Disneyland soon incorporated The Carousel Theater into its plans to celebrate America's Bicentennial. In 1974 it was filled with a new show called America Sings, a salute to American music. It closed in 1988, and was not replaced for ten years. Innoventions, a version of the popular Epcot attraction of the same name, opened there with the New Tomorrowland in 1998, using a stylized rendition of "There's a Great Big Beautiful Tomorrow" as its theme song. The building was then redesigned and reopened in 2015 as the Tomorrowland Expo Center, hosting the Star Wars Launch Bay.[5]

Magic Kingdom[edit]

Act 2 of the Magic Kingdom version

Carousel of Progress opened in the Magic Kingdom's Tomorrowland on January 15, 1975, alongside Space Mountain, under a 10-year sponsorship contract with General Electric. Unlike the small changes that occurred when the show moved from the 1964–1965 New York World's Fair to Disneyland, extensive changes were made.

A new carousel theater building was designed to house the attraction: a one-story pavilion, with a loft above it used by the Tomorrowland Transit Authority PeopleMover track, wrapping around the building's north side. The interior and exterior of the building received new color schemes, with blue and white stripes that grew smaller and larger as the building turned. The theater also now rotated counterclockwise, rather than clockwise like the two former theater systems.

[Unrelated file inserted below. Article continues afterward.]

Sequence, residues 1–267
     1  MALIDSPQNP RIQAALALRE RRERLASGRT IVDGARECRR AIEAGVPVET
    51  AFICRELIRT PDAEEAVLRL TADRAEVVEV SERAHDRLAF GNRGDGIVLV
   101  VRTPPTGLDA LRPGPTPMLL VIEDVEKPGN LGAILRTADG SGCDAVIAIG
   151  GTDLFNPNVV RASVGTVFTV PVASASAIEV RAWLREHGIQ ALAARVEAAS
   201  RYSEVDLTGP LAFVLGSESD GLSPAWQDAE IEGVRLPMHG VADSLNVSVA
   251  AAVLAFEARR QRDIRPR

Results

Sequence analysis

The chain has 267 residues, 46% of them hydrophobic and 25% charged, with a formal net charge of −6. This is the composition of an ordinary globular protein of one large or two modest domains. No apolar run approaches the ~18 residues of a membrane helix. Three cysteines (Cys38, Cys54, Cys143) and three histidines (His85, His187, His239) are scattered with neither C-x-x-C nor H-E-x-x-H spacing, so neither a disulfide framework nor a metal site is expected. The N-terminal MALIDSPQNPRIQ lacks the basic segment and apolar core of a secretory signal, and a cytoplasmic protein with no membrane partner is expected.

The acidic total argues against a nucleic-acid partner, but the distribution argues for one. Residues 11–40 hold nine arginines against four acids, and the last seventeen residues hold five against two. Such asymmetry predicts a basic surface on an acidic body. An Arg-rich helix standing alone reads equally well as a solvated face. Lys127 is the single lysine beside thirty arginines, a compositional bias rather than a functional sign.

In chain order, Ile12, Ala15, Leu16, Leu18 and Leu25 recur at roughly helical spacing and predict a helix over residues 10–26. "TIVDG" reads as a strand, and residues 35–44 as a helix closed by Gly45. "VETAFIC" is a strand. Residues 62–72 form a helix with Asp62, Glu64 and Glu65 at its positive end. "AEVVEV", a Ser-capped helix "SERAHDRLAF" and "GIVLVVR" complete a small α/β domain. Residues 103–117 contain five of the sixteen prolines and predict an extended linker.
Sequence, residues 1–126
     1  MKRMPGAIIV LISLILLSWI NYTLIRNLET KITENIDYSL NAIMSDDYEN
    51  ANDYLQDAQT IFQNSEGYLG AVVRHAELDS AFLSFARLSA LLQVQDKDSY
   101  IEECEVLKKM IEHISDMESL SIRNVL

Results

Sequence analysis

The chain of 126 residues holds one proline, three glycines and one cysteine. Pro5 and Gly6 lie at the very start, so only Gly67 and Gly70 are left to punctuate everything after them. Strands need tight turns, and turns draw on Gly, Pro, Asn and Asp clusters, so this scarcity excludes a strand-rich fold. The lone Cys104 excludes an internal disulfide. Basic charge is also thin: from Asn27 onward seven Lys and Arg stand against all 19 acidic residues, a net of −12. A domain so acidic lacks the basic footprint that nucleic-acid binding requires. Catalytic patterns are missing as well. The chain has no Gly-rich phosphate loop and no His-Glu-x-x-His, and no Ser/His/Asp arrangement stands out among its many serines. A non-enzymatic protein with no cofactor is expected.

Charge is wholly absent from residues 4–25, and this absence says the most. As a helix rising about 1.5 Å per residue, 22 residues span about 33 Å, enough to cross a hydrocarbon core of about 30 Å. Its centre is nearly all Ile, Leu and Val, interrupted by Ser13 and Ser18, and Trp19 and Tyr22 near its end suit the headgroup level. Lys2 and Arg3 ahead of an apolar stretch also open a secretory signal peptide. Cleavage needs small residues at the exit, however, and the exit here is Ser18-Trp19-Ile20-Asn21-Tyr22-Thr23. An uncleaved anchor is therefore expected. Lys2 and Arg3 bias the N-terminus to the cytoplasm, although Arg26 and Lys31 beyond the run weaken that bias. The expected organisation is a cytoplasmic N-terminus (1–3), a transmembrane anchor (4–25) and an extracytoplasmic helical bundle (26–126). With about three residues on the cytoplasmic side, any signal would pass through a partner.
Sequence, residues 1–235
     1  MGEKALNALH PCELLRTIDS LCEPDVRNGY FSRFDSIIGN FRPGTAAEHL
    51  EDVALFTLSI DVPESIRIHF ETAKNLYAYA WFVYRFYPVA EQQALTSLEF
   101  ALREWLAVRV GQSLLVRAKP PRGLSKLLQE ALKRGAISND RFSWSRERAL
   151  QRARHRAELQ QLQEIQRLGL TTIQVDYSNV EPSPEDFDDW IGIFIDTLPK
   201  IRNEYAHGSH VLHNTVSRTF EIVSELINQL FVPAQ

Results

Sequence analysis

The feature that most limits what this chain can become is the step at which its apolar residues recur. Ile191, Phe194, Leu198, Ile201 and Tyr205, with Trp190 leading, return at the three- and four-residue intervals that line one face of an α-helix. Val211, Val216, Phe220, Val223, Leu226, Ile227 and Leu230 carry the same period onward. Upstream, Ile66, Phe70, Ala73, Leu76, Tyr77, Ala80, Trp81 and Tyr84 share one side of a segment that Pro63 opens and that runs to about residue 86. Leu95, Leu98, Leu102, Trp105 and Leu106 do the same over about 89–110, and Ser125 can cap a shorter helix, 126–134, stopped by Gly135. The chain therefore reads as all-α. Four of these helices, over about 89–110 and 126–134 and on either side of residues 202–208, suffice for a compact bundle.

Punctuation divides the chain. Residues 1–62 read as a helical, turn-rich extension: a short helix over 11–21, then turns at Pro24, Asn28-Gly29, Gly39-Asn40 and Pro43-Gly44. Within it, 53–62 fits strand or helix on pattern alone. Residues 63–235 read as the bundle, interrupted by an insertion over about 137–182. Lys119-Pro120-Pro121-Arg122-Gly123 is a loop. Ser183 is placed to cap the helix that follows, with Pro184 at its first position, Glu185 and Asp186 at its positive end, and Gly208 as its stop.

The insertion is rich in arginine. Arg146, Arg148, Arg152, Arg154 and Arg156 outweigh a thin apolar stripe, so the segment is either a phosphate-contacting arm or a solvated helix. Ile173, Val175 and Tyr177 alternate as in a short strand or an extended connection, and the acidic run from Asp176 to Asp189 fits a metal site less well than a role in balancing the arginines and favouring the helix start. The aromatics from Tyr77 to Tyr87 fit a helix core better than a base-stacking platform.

The load and unload theaters no longer featured the stunning "Kaleidophonic Screens" that had dazzled guests as they boarded and exited their respective theater. The old screens had stretched from one wall to the other, with the giant GE logo in the center, and lit up in various colors and patterns like a kaleidoscope as the orchestral version of "There's a Great Big Beautiful Tomorrow" played. Various problems plagued the screens after 1973, so a set of generic silver curtains with colored lights shining on the GE logo took their place in both the load and unload theaters.

The Florida version was planned so that guests loaded and unloaded on the first floor, without a post-show. The Progress City/EPCOT model was significantly downsized to fit in a window display that could be seen while riding PeopleMover. This display is located on the left side of the PeopleMover track inside the north show building which formerly housed Stitch's Great Escape!

GE wanted the attraction to have a new theme song, as they did not want their customers to wait for a "great big beautiful tomorrow", but to buy appliances today. So the Sherman Brothers created a new song, "The Best Time Of Your Life". Although it was very peppy and positive, the brothers later said that they felt that "There's a Great Big Beautiful Tomorrow" was a better fit.

A new cast of voices and audio-animatronic "performers" were prepared for the 1975 version, including actor Andrew Duggan as Father. The first three acts had some cosmetic and set-design changes. The finale was changed to "New Year's Eve in the Home of the 1970s," and the breed of the family's dog was also changed.

In 1981, a new final act was created to showcase "New Year's Eve in the Home of the 1980s"; the rest of the show remained the same. The attraction closed briefly for the change to be implemented.[6]

Post–GE years[edit]